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  31. Oh, Justine, what hard-won wisdom. I'm deeply moved by this post, and honor you for your gentle submission to this very hard "new plan". I can only add my witness that when we're called to give up our plans (and they were good, noble plans, weren't they?), when those plans dissolve slowly before our eyes or when they implode in one sudden, deafening blast, there's still something solid and undying deep underneath all the debris. It takes work to reach that solid surface with our toes, but it's there. I've taken heart from the following ideas;

    C.S. Lewis:

    "Lose your life and you will save it. Submit to death, the death of your ambitions and favorite wishes: submit with every fiber of your being, and you will find eternal life. Keep back nothing. Nothing that you have not given away will ever be really yours. Nothing in you that has not died will ever be raised from the dead. Look out for yourself only, and you will find in the long run only hatred, loneliness, despair, rage, ruin, and decay. But look to Christ and you will find Him, and, with Him, everything else."

    Nicolas Wolterstorff:

    "And sometimes, when the cry is intense, there emerges a radiance which elsewhere seldom appears: a glow of courage, of love, of insight, of selflessness, of faith. In that radiance we see best what humanity was meant to be. . .In the valley of suffering, despair and bitterness are brewed. But there also character is made. The valley of suffering is the vale of soul-making."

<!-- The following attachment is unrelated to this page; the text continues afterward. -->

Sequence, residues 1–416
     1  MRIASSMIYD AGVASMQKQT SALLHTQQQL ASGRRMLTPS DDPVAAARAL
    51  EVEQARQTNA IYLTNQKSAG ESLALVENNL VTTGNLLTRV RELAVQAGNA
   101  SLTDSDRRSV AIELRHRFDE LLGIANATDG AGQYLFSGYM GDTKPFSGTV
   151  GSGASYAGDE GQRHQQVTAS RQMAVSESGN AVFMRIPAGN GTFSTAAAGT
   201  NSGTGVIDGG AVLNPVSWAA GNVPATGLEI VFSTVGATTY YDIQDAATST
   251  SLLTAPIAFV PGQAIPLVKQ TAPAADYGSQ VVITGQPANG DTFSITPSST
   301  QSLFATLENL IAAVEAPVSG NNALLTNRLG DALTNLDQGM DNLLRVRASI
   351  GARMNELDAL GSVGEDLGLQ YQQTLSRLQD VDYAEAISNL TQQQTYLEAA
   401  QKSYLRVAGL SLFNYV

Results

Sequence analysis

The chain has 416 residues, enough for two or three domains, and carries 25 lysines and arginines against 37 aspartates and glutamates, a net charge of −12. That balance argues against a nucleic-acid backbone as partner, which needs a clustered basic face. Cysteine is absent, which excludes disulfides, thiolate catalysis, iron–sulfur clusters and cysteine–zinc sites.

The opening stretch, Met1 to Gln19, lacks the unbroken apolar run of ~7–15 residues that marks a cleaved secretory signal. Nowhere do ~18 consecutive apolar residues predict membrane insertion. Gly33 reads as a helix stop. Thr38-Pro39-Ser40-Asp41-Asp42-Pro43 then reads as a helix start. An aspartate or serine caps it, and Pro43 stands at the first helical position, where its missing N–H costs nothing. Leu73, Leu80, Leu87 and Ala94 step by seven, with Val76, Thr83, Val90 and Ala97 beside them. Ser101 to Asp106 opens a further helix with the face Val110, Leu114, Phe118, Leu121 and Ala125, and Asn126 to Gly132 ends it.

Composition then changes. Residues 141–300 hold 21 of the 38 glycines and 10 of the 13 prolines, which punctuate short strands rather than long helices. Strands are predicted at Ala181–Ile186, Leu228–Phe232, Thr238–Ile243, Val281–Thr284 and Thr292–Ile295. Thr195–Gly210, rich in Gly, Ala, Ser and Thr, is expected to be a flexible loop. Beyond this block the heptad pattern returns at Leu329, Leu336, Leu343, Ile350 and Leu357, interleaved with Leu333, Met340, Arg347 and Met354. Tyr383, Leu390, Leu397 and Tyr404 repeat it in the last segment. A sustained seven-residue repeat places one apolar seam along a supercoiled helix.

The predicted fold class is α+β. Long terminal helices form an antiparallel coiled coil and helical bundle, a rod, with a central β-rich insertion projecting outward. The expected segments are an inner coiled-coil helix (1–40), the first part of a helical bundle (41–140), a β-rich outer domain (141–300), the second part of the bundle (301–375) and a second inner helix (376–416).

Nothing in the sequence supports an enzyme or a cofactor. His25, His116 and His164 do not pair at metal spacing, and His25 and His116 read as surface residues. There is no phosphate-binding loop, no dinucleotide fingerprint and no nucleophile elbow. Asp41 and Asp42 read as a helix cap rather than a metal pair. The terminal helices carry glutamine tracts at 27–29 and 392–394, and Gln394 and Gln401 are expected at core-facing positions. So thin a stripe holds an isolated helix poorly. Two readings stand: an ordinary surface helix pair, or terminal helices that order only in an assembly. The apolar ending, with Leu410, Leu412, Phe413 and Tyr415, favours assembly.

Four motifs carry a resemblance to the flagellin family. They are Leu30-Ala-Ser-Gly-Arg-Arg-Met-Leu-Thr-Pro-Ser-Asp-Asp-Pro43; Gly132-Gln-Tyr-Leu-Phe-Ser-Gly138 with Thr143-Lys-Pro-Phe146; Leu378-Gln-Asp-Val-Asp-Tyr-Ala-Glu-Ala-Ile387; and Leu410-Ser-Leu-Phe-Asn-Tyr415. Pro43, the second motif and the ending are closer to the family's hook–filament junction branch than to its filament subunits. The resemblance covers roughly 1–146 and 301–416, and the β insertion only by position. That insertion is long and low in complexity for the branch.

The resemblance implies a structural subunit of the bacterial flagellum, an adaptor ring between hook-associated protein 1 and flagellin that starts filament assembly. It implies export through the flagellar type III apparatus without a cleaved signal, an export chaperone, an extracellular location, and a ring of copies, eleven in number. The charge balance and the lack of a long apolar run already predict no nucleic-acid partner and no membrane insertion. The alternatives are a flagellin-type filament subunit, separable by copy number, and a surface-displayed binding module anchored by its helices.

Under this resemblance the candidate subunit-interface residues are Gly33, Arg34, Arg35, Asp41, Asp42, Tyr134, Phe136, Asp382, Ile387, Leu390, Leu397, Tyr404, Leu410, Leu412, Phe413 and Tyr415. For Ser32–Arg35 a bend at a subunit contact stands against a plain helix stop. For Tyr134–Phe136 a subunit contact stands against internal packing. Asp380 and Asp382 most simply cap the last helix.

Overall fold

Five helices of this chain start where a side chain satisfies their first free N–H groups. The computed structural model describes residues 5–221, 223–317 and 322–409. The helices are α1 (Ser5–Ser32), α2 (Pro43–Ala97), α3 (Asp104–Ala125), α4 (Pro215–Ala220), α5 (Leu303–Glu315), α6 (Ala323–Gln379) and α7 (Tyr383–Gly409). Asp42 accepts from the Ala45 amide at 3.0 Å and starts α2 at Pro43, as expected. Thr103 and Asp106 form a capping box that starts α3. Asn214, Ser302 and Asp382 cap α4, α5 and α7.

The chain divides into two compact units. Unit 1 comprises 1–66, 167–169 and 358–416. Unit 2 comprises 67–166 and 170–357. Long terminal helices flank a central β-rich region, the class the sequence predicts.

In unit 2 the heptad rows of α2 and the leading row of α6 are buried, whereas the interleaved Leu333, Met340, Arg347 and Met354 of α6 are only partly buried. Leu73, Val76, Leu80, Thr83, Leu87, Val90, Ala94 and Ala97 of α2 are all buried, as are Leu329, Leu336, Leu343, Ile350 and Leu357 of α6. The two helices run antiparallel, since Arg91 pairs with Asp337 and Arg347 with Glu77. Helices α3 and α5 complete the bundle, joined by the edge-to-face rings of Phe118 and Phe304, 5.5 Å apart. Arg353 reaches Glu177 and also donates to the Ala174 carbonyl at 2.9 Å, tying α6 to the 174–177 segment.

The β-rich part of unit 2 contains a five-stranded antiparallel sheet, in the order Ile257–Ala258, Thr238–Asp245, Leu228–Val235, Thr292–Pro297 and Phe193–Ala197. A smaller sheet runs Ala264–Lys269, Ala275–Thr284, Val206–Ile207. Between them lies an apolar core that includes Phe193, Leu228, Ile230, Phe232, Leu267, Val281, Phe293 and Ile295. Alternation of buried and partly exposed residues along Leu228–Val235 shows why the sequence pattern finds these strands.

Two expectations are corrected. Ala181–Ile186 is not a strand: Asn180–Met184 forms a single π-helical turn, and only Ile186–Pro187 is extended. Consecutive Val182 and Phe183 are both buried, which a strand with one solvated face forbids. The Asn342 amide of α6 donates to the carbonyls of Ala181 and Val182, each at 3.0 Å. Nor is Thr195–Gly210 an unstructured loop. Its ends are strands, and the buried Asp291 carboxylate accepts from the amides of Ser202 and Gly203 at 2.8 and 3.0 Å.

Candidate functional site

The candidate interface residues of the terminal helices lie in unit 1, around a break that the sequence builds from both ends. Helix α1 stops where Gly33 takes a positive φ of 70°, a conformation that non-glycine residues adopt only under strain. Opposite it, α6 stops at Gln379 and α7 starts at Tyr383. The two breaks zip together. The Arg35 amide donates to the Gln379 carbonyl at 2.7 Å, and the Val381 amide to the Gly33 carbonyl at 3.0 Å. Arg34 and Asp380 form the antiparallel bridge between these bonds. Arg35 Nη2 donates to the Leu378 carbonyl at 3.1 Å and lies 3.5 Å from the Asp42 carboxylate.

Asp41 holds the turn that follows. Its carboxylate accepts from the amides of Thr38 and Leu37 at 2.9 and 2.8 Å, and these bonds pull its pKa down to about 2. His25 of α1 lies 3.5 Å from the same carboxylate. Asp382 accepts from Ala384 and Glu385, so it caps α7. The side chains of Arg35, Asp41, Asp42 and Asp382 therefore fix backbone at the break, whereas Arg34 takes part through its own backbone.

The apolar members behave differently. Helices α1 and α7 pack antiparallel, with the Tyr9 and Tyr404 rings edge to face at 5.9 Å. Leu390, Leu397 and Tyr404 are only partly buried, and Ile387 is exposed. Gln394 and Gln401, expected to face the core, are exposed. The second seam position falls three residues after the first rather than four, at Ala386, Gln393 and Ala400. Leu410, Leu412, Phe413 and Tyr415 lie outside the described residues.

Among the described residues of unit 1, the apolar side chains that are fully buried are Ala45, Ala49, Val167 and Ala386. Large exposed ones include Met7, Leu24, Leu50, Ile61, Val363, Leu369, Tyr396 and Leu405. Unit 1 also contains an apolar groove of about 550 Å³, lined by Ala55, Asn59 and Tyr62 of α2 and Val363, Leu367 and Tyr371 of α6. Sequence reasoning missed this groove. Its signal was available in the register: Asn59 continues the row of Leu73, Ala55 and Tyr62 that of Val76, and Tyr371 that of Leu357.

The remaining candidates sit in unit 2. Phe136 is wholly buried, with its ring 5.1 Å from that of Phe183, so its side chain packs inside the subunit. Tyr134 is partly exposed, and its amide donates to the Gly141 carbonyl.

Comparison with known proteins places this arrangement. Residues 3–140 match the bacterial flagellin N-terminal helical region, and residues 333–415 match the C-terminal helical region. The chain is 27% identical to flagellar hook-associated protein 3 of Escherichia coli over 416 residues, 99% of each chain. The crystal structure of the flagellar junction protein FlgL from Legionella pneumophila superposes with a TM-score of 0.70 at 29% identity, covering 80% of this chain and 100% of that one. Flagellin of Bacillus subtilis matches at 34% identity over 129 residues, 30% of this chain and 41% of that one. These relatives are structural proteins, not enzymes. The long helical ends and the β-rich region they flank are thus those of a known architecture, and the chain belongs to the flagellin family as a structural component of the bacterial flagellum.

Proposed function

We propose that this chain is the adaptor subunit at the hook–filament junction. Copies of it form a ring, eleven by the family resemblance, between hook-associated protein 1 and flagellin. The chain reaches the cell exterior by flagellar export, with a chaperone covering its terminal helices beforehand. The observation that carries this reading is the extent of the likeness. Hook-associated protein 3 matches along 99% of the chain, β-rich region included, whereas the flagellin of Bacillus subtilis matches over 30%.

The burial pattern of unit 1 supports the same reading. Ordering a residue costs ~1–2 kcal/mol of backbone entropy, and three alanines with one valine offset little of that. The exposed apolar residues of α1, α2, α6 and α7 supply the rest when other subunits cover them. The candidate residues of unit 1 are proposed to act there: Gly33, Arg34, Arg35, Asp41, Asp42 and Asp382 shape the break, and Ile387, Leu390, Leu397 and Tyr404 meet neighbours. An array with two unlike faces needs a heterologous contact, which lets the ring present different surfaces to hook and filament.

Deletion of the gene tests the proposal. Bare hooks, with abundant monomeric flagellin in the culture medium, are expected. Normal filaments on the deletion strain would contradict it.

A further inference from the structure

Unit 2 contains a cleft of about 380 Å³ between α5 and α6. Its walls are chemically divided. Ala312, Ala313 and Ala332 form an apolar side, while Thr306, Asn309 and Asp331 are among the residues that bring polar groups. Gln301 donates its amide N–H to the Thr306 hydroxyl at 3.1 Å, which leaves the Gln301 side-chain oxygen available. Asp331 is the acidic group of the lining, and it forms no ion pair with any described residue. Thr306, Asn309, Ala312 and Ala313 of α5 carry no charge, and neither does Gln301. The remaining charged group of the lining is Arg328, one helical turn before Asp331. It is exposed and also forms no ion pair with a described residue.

Justine, because of your meekness and God's grace, MS might be devouring your body, but it's also buidling a formidable soul.

    Love you.

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  32. SO, So beautiful. I'm having a hard time giving up on my plan. I keep thinking that maybe this year everything will change and come together the way I'd hoped.

    I'm such a chump.

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  33. "I can only add my witness that when we’re called to give up our plans (and they were good, noble plans, weren’t they?), when those plans dissolve slowly before our eyes or when they implode in one sudden, deafening blast, there’s still something solid and undying deep underneath all the debris. It takes work to reach that solid surface with our toes, but it’s there."

    Thank you for adding this powerful witness, Melissa–a witness that carries a full punch. Hard-won wisdom, indeed. You have dealt with the blow that would level any one of us and have somehow managed to toe your way down to that solid foundation beneath the debris.

    "But look to Christ and you will find Him, and, with Him, everything else.”

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  34. I read this all day yesterday (kept coming back to see the comments) and still don't know what to say other than God bless you and I'm so glad you're my friend.

    Much love (and a few tears too).

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  35. This was such a deep inspiring post to read. I admire the grace and courage you are exhibiting as you face this new plan.

    I planned to get married at 24, have at least 3 kids (with 3 year spacing for my children), and stay home with them while my husband supported us.